EASST 2018: Socio-technical encounters in the city: Urban spaces, data infrastructures and new modes of civic engagement
Date de début : 25 Juillet 2018 09:00
Date de fin : 28 Juillet 2018 16:00
Lieu : Lancaster | Royaume-Uni
Organisé par :
EASST (European Association for the Study of Science and Technology)
Source de l'information :
The deadline is 14th of February 2018.
Convenors: * Juliane Jarke (University of Bremen, Department of Informatics) * Anna-Lisa Müller (University of Bremen, Department of Geography)
Short abstract With the increased availability of digital technologies that produce data on cities and city life, modes of moving and acting in cities change; new modes of civic engagement emerge. This panel explores the creative and at times disruptive appropriation of urban public spaces.
Long abstract With the increased availability of digital technologies that produce data on cities and city life, modes of moving and acting in cities change. These digital data infrastructures produce certain forms of visibility (e.g. of particulate pollution, traffic density, preferred routes, e.g. through heatmaps.) and invisibility (e.g. of those people not using digital technologies and their modes of living in and using a city), and consequently (re-)produce certain power structures in cities. At the same time new modes of civic engagement (e.g. through citizen science, civic tech, co-creation) become possible through digital technologies, inexpensive sensors and pervasive data infrastructures.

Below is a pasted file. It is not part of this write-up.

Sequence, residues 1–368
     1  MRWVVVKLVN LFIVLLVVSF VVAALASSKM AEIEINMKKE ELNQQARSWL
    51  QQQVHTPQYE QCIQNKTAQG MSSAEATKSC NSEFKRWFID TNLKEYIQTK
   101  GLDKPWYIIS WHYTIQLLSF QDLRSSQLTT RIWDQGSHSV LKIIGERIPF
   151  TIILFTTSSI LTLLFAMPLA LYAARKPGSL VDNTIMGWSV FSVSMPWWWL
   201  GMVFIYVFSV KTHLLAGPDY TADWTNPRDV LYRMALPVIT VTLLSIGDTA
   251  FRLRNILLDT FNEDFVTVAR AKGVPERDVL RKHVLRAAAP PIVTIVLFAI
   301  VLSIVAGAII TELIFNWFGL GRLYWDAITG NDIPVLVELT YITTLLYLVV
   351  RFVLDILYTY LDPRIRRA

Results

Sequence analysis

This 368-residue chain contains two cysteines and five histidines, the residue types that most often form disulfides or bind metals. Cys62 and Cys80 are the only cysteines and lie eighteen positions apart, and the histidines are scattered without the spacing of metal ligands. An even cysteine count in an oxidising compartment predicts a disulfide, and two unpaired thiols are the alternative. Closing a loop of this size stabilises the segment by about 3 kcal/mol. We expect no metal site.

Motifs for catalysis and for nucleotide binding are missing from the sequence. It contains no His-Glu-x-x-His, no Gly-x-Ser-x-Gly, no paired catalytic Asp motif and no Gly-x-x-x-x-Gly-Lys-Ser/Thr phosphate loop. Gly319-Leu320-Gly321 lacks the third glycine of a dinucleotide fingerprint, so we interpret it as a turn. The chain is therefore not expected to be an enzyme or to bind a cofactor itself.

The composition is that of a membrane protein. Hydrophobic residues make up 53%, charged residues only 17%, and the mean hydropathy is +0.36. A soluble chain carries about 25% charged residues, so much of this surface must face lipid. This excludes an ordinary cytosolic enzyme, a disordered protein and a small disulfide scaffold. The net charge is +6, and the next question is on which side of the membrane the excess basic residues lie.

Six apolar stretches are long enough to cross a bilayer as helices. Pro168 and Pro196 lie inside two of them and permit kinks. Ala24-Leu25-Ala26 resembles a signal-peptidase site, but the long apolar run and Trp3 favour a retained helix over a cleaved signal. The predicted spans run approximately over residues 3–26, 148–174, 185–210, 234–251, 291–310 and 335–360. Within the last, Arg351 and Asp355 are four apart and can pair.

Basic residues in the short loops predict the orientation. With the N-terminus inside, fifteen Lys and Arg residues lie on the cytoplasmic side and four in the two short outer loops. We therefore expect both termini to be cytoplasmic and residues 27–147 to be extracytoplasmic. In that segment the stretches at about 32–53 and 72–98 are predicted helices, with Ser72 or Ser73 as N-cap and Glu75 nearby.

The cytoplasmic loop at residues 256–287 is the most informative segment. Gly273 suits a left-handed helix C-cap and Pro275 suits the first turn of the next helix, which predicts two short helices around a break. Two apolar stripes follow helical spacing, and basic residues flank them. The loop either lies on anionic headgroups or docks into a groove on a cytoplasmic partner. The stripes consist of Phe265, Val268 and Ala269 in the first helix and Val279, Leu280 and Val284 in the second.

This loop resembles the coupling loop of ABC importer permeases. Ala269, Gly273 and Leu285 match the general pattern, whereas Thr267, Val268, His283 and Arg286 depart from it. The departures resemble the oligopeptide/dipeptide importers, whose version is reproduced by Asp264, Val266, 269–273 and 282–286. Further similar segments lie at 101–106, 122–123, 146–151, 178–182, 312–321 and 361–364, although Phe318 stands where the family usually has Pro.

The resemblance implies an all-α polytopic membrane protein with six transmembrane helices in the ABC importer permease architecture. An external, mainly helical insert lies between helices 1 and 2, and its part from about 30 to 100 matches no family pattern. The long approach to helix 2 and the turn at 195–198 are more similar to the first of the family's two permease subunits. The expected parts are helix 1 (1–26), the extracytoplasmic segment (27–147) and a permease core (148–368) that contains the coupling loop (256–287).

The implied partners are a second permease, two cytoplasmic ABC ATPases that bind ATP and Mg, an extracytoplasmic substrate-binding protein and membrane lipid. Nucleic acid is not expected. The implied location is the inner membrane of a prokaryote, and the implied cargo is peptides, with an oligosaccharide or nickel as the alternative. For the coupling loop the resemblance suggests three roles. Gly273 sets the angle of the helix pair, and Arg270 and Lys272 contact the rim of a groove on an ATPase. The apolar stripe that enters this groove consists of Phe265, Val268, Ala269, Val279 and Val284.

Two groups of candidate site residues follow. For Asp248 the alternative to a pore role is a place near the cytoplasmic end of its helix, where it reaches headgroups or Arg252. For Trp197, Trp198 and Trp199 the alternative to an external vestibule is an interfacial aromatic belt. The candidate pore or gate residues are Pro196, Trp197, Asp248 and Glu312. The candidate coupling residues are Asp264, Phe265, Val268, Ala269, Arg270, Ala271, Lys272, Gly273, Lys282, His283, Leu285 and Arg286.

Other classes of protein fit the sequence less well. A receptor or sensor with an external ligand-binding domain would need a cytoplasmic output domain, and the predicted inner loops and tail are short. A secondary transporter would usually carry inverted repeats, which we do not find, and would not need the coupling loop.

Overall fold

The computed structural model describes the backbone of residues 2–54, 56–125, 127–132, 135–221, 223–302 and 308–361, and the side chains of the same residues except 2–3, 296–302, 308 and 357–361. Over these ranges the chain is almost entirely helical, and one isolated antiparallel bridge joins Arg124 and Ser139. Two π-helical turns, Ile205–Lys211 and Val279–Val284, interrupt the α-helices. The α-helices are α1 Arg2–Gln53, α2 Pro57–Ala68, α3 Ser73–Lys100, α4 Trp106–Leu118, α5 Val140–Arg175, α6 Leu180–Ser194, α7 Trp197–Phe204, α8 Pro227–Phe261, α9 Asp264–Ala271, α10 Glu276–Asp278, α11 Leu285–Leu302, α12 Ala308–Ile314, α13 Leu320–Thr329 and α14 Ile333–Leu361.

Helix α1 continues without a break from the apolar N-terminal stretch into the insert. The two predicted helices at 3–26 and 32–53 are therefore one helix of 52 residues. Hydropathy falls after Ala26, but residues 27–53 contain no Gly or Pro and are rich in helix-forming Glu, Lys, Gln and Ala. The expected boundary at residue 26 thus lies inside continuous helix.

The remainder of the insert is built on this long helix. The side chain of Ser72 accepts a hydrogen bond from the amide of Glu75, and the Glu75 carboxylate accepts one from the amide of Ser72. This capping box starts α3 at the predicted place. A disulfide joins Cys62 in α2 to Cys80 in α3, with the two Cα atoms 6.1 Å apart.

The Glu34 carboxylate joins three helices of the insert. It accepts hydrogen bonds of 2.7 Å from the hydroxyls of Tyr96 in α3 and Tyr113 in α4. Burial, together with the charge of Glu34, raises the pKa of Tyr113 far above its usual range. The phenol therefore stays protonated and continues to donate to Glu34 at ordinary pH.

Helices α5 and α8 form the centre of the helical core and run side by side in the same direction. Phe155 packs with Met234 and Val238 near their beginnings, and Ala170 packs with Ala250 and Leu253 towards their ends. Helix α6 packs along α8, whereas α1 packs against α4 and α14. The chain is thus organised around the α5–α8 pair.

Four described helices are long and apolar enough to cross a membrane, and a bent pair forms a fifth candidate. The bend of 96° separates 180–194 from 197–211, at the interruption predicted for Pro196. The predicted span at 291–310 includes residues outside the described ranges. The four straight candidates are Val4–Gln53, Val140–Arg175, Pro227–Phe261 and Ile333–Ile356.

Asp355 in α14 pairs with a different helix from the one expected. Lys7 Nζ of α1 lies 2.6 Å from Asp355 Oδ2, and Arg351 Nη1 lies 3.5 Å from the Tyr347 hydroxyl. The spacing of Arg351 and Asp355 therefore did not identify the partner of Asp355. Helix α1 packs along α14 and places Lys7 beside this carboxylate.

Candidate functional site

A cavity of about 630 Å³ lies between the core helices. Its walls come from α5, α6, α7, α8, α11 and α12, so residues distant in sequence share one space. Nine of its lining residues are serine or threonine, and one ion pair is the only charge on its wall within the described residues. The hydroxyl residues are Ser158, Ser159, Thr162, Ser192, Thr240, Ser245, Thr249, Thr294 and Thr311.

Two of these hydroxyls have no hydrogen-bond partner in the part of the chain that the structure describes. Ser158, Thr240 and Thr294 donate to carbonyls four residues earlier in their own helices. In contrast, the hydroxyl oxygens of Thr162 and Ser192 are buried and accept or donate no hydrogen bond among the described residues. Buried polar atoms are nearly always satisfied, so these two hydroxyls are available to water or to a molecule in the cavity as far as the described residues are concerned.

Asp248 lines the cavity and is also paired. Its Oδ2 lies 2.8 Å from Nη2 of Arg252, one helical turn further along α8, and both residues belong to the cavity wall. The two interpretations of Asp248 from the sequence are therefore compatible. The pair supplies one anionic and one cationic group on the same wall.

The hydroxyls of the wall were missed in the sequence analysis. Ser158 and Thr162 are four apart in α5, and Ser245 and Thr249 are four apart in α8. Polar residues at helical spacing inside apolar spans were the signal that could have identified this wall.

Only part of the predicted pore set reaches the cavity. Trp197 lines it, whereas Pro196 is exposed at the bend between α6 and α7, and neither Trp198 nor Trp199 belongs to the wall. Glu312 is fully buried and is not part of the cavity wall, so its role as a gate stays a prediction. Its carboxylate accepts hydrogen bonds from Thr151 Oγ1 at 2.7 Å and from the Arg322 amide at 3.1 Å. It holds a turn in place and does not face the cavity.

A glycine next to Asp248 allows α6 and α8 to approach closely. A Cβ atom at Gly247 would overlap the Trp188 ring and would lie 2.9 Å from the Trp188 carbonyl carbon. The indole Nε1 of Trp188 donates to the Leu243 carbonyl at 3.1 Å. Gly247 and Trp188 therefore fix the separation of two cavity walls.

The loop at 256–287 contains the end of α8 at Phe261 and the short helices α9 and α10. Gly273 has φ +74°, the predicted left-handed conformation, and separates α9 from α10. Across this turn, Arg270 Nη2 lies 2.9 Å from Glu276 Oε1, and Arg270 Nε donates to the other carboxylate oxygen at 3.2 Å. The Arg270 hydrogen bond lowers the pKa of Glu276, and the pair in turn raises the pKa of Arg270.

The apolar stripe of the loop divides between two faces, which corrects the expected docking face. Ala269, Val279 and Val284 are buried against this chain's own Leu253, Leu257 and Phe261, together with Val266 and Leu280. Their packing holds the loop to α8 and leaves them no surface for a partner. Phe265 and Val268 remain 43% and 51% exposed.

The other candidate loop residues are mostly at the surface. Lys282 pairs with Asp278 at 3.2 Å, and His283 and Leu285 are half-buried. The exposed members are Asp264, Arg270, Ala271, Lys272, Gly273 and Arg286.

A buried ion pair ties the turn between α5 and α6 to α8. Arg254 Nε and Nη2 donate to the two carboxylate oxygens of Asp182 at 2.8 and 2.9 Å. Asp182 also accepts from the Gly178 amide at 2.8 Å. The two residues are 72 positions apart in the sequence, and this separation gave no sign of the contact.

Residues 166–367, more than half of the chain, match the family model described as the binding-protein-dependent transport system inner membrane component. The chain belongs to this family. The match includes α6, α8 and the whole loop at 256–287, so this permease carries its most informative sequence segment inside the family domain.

In this panel, we are interested in exploring the creative and at times disruptive appropriation of urban public spaces in which encounters between people, architectures, practices, technologies (e.g. mobile, sensors etc.), digital data infrastructures, and many more take place. Papers are invited to this panel covering one or more of the following questions:
In which ways do physical and digital spaces intersect, overlap, overlay and what kinds of (new) urban spaces emerge? How are power structures enhanced, modified, altered or contested through these processes? Who and what is made in-/visible through these processes? How do the bodies‛ movements in cities change through the digitalization of urban spaces? How does urban planning respond to these transformations? How do city dwellers (attempt to) regain agency in these developments?
We invite empirical case studies and theoretical contributions interested in advancing the understanding of cities as socio-material-digital assemblages